Meet Arjun, the Newest Crossover Artist on the Block
Based in the U.K., with roots in India and Sri Lanka, the singer-songwriter has a Bollywood hit and a new pop album
When the Bollywood comedy-drama Hindi Medium released last year, the movie was heavily promoted with the pop banger “Suit Suit” which went on to become a viral sensation. The Punjabi dance number, composed by Punjabi singer-songwriter Guru Randhawa, features the U.K.-based musician Arjun Coomaraswamy who penned the English verses for the multi-lingual track. “Guru and I have been friends for six-seven years and he messaged me and said let’s do a song,” says Arjun, who goes by his first name, adding, “When I heard ‘Suit Suit,’ I was like, ‘Wow this will be a big song.’ We shot the video and the rest is history.”
Since the turn of the decade, Arjun has been involved in a number of fusion collabs including 2012’s “Same Girl” with Randhawa, 2016’s “Sanam Ho Ja” and “Falak” among others. The singer-songwriter has also toured extensively in the U.K., U.S. and Australia and is now ready to tap the Western market with his recently released debut full length ten-track album Closer To Home. He says, “This album is also my attempt to reconnect with my U.K. audience.”
The singer-songwriter spoke to Rolling Stone India and shared what it means to be a crossover artist. Excerpts:
You seem to be influenced by a host of musical styles. What are some of your earliest childhood memories revolving around music?
It was actually my mum who made me play a bunch of instruments when I was younger. I learned the piano, guitar, the drums and the flute when I was in school. I was in a bunch of different bands like rock bands, jazz bands and R&B groups thanks to my mum. She was the first person to inspire me to do music, and then it was my friends who got me to get involved to do shows at school and university. I was very shy and didn’t want to be on stage, I wanted to be a producer.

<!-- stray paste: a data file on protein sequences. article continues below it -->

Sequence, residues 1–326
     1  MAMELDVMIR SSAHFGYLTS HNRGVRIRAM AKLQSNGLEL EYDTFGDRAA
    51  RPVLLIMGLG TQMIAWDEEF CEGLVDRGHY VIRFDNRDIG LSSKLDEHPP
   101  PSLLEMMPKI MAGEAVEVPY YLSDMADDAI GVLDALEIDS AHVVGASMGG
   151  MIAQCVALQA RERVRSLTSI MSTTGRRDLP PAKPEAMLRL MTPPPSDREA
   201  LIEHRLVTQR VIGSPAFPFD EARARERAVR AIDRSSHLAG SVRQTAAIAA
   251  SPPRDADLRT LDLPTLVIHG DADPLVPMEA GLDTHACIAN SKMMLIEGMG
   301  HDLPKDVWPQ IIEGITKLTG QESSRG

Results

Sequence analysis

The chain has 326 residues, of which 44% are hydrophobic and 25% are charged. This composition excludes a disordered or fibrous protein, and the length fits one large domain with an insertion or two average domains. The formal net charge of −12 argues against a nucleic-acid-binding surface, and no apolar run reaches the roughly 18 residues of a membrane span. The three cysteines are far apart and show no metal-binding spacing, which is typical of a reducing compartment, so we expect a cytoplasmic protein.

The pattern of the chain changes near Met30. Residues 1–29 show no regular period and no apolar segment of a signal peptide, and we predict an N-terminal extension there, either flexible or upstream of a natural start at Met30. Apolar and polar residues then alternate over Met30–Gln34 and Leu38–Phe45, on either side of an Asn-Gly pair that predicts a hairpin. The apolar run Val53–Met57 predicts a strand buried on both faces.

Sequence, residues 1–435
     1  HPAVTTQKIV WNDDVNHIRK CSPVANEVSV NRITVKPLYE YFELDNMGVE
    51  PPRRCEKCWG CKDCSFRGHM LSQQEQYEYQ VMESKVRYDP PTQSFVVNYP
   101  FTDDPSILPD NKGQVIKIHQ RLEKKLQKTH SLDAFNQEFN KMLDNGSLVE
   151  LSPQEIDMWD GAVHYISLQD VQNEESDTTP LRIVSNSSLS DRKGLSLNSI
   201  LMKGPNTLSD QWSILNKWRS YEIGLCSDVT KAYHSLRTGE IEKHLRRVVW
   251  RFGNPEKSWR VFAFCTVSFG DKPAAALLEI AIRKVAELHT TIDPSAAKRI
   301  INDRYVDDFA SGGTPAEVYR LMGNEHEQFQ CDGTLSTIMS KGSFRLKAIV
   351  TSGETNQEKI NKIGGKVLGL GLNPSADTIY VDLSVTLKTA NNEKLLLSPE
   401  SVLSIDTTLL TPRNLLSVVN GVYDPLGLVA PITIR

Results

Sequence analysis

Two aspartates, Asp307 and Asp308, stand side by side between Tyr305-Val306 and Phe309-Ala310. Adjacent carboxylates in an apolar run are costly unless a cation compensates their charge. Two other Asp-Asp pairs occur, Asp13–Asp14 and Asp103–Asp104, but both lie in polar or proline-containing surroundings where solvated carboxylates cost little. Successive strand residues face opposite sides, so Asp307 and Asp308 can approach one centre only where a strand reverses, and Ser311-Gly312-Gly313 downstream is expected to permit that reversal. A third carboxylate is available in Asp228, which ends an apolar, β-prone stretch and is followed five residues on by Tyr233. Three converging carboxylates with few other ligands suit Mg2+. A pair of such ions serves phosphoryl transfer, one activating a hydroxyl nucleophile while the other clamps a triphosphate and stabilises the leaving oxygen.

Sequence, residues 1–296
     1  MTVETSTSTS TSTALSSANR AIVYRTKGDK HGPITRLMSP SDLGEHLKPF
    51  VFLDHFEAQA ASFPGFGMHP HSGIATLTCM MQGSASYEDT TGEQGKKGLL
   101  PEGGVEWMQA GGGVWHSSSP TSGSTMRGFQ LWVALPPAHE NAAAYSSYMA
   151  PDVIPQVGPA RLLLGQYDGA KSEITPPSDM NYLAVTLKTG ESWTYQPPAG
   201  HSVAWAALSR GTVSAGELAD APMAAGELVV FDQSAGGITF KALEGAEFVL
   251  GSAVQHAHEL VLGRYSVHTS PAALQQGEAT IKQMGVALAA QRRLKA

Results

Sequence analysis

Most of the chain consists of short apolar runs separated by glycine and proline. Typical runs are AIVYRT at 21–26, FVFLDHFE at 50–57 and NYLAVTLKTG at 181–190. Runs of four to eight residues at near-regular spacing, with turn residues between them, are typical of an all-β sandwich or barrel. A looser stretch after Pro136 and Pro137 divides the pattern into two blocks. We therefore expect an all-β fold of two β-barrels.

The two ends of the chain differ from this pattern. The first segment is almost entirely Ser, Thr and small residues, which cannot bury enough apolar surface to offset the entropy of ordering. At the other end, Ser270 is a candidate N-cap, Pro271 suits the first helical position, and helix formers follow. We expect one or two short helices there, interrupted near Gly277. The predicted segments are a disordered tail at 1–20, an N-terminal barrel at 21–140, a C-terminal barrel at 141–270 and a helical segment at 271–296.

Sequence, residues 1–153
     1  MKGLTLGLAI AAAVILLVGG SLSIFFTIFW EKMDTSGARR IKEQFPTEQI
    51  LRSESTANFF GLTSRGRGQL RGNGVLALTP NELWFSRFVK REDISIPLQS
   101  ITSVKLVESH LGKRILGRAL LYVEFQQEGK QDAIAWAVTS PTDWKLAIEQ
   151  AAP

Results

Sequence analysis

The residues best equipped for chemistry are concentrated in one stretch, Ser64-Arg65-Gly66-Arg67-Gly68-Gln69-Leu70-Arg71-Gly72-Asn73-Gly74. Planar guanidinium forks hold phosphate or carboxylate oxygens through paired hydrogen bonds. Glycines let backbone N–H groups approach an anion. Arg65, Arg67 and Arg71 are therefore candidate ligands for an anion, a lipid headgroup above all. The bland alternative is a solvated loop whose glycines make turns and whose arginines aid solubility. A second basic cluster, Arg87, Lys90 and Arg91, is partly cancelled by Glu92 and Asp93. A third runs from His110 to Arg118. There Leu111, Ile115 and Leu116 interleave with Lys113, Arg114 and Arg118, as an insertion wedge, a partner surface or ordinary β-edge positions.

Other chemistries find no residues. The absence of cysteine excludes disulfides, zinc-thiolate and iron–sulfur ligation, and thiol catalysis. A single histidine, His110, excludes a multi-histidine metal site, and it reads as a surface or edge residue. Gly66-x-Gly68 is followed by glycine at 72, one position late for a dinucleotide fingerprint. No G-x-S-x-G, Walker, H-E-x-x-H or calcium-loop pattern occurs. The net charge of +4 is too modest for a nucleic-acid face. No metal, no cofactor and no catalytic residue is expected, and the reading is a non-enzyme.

Your debut album Closer To Home has a contemporary sound and tropical vibe, which makes it very club friendly – is that the sort of direction you were going with on the record?
I’m very influenced by world music in general –stuff like [EDM giants] Major Lazer, there’s a lot of tropical sounds in the world right now and I’m influenced by it having traveled a lot. I still think it’s more R&B in terms of the roots of the songs, there’s definitely some club songs in there, some party songs, couple of more sentimental songs, some heartbreak songs but, in general, its more uplifting.
Talk me through some of the songs on the record such as “Vaadi,” S.O.S” and the title track.
So, “Vaadi” is sampling a Tamil song called “Vaadi Vaadi”– it’s got a very trap, hip-hop, R&B kind of feel. My aim was to bring a sound clash of different styles; I’ve been known to be doing mashups and fusion anyway so that was an extension of that. “S.O.S” stands for sound of the summer, it’s a very summer song – it’s very U.K.-influenced and it’s got a tropical drop as well–it’s basically about a girl who reminds me of the summer. The title song “Closer To Home” is one of my favorite songs and is in four different languages–English, Hindi, Arabic and Ghanaian. So, the whole vibe of this album is basically [about] connecting the world.
What is it like being a crossover artist from the Indian subcontinent, based in the U.K.?
It’s amazing because it’s the best of the both worlds. I’m very connected to my roots in Sri Lanka and India but I’m also very British. I love Western culture as well so I’ve been influenced by both worlds. If you check my iTunes, I listen to Bollywood and R&B and I love living in London but I also love being in Asia too.
What are your plans to promote the record?
I’m always in India doing shows, we’re doing a world tour from the end of April, so it’s great to play some new music and new body of work.
Click here to listen to Closer To Home.